Historical Account of Newcastle-Upon-Tyne Including the Borough of Gateshead. Originally published by Mackenzie and Dent, Newcastle-upon-Tyne, 1827.
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CORPORATION DUES AND TOLLS.
Formerly, the free burgesses of Newcastle upon Tyne were resolute in harassing and oppressing every foreigner, as they emphatically call all non-freemen, with restrictions and exactions as vexatious as they were numerous. They endeavoured to monopolize all business within the town. A foreigner was not allowed to keep a shop, but by the sufferance of the corporation; and "it is in the recollection of many persons now living, that a foreign barber, who carried on a very extensive business on the Sandhill, was obliged, in order to have his shop there, to shave the corporation gratis!" (fn. 1)
During the last century, the number of non-freemen rapidly increased, and they gradually obtained a large proportion of the commerce and manufactures of the place. Under these circumstances, they began to investigate the claims set up by the corporation, many of which they proved to be founded in usurpation; and the corporation has consequently abandoned them. These changes have tended to increase the trade, wealth, and population of the town; and, at the same time, to decrease the number of resident free burgesses, who are now estimated at not more than fifteen hundred.
Anciently, various grants of duties and tolls were made to the corporation for limited periods of time; and which being renewed for many reigns, the body of the people continued to pay the accustomed demand, without examining into the legality of the claim; while others, who understood the subject, shrunk from entering into litigation with so powerful a body as the corporation. Even the ship-owners, though an opulent body of men, quietly paid the corporation, for some centuries, a duty of five-pence per chaldron upon all coals sent from Newcastle. In 1794, the question was tried in the name of Sir William Leighton, an alderman of London, when it was decided that the corporation were only legally entitled to 2d. per chaldron, which sum is now paid. From the quantity of coals now annually sent from the port of Tyne, the loss of the corporation by this decision may be estimated at £10,000 a year.
The claim of toll thorough, which is made by the corporation upon all goods, the property of non-freemen, brought into or carried out of the town, was long and steadily opposed.. (fn. 2) Many paid a mere acknowledgment, while others refused to pay any thing to the persons hired by the corporation to collect the tolls. On Jan. 30, 1810, they were let by public auction to John Armstrong; but the real tenant was George Dixon, keeper of the turnpike gate at the south end of the Tyne Bridge. His nearrears of rent, during the first two years, amounted to £400, which he contended he was not liable to pay, as great numbers of persons refused to pay any tolls, and that the corporation should either proceed against the defaulters or make good the loss. He was therefore thrown into gaol, but obtained his release by giving up the tolls. The amount of tolls still continued to diminish; and, at length, the corporation tried the case against J. G. Lambton, Esq. M. P. for the county of Durham, at the Midsummer assizes for 1820, for toll on corn carried by him out of the town for the use of his collieries in the neighbourhood. The defendant's counsel conceived that the case made out by the plaintiffs would not justify a verdict in their favour, and therefore declined calling his witnesses; but the jury, after having a summary of the evidence from the judge, found a verdict for the plaintiffs.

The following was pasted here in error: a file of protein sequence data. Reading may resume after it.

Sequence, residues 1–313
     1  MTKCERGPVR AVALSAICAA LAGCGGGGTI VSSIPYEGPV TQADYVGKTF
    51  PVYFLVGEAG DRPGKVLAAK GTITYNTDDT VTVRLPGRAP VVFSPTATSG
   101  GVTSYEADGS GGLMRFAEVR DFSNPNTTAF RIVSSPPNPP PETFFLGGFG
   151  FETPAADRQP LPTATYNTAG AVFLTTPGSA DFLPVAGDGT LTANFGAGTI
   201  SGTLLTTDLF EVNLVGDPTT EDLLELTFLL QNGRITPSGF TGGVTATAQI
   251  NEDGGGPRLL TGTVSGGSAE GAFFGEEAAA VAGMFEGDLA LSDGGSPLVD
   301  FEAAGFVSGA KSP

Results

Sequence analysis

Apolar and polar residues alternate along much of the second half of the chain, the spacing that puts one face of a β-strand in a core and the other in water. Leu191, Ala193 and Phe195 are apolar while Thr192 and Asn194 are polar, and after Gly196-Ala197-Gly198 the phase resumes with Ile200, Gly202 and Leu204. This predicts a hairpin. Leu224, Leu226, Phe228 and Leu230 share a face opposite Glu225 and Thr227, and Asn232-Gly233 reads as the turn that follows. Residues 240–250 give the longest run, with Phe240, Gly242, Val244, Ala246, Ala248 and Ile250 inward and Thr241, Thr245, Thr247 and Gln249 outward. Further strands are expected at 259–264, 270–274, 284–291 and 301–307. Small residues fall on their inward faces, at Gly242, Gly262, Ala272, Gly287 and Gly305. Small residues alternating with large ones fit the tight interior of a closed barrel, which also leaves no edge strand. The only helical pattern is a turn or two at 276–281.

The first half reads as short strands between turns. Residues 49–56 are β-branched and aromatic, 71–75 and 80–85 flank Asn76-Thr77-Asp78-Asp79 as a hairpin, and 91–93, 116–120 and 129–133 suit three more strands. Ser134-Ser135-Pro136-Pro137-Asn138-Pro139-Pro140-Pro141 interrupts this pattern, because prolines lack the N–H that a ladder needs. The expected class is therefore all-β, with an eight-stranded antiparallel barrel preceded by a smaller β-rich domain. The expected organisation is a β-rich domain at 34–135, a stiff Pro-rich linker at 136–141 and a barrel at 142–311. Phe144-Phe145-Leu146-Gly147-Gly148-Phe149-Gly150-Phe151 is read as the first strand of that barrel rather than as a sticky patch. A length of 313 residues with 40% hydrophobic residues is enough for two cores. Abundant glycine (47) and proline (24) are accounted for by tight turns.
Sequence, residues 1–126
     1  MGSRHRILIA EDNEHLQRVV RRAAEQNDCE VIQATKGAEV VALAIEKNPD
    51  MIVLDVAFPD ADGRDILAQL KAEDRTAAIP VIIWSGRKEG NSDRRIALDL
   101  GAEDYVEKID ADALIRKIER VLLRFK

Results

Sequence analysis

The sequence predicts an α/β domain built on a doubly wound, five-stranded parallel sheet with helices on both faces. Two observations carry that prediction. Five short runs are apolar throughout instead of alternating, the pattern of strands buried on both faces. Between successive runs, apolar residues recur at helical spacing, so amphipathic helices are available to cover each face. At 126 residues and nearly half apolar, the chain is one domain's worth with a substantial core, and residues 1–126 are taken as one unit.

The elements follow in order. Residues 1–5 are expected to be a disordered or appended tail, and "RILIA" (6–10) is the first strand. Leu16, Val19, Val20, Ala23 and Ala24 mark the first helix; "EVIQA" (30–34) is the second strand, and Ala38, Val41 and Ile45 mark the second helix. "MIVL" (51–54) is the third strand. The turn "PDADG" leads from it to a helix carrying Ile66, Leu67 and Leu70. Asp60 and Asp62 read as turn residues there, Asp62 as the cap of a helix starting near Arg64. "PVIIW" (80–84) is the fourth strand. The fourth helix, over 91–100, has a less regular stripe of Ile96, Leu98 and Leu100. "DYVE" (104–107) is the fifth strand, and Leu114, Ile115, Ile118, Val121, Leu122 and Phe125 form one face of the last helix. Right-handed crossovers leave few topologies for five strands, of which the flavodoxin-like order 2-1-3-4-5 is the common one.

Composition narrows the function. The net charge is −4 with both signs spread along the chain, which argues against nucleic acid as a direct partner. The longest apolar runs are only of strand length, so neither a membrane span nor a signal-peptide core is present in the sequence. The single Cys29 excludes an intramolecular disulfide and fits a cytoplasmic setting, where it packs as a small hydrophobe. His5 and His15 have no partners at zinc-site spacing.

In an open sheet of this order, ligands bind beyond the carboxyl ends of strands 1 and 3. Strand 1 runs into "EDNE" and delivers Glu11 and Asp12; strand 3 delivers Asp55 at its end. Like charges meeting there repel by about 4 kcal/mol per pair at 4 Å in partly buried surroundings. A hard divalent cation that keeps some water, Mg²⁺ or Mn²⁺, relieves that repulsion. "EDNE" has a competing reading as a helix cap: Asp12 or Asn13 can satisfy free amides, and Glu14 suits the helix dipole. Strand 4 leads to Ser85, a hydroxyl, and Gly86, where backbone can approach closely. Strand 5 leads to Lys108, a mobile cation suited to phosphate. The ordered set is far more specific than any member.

This verdict not being satisfactory to the non-freemen interested in the question, and as some documents were found which it was conceived would secure a verdict against the corporation, the cause was again tried before Judge Bayley and a special jury, at the Midsummer assizes for 1821, Mr. Anwick Smith, paper manufacturer at Langley, in the county of Durham, being the defendant. The suit against him had been commenced by the corporation. Another action had been kept alive against Mr. Smith during the four preceding years, and he had been fruitlessly once and again brought to the assizes, when, in the preceding June, the corporation entered a discontinuance, and paid him his taxed costs. After a long trial, the plaintiffs now obtained a verdict.
It being desirable to avoid these expensive trials, to fix the amount of tolls, to include in the schedule of tolls articles of modern use, and to obtain greater authority for their collection, an act of parliament was obtained by the corporation in the 3d year of the present reign, and by which tolls are made recoverable by distress and sale.
There are certain small tolls or duties, claimed by the corporation, upon the importation and exportation of goods and merchandise belonging to non-freemen, and which are called Quay Dues and Town Dues. Some years ago, many merchants refused to pay these duties; but the smallness of the sums usually paid, and the great expense of a law-suit, induced them ultimately to acquiesce in the demand. The claims formerly made by the company of Free Porters and the company of Free Meters will be noticed hereafter.